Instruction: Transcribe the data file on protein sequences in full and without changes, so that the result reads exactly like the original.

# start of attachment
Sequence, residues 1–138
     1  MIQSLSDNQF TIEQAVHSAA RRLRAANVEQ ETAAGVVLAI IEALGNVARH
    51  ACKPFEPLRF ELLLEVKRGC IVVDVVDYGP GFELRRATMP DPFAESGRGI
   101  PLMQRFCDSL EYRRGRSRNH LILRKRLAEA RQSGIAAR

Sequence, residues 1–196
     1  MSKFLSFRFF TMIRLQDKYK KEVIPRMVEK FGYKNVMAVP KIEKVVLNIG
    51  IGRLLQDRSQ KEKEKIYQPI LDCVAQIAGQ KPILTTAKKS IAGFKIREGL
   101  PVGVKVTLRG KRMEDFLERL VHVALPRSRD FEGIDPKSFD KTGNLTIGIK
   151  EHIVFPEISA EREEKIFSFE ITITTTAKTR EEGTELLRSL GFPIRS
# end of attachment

Sequence, residues 1–138
     1  MIQSLSDNQF TIEQAVHSAA RRLRAANVEQ ETAAGVVLAI IEALGNVARH
    51  ACKPFEPLRF ELLLEVKRGC IVVDVVDYGP GFELRRATMP DPFAESGRGI
   101  PLMQRFCDSL EYRRGRSRNH LILRKRLAEA RQSGIAAR

Sequence, residues 1–196
     1  MSKFLSFRFF TMIRLQDKYK KEVIPRMVEK FGYKNVMAVP KIEKVVLNIG
    51  IGRLLQDRSQ KEKEKIYQPI LDCVAQIAGQ KPILTTAKKS IAGFKIREGL
   101  PVGVKVTLRG KRMEDFLERL VHVALPRSRD FEGIDPKSFD KTGNLTIGIK
   151  EHIVFPEISA EREEKIFSFE ITITTTAKTR EEGTELLRSL GFPIRS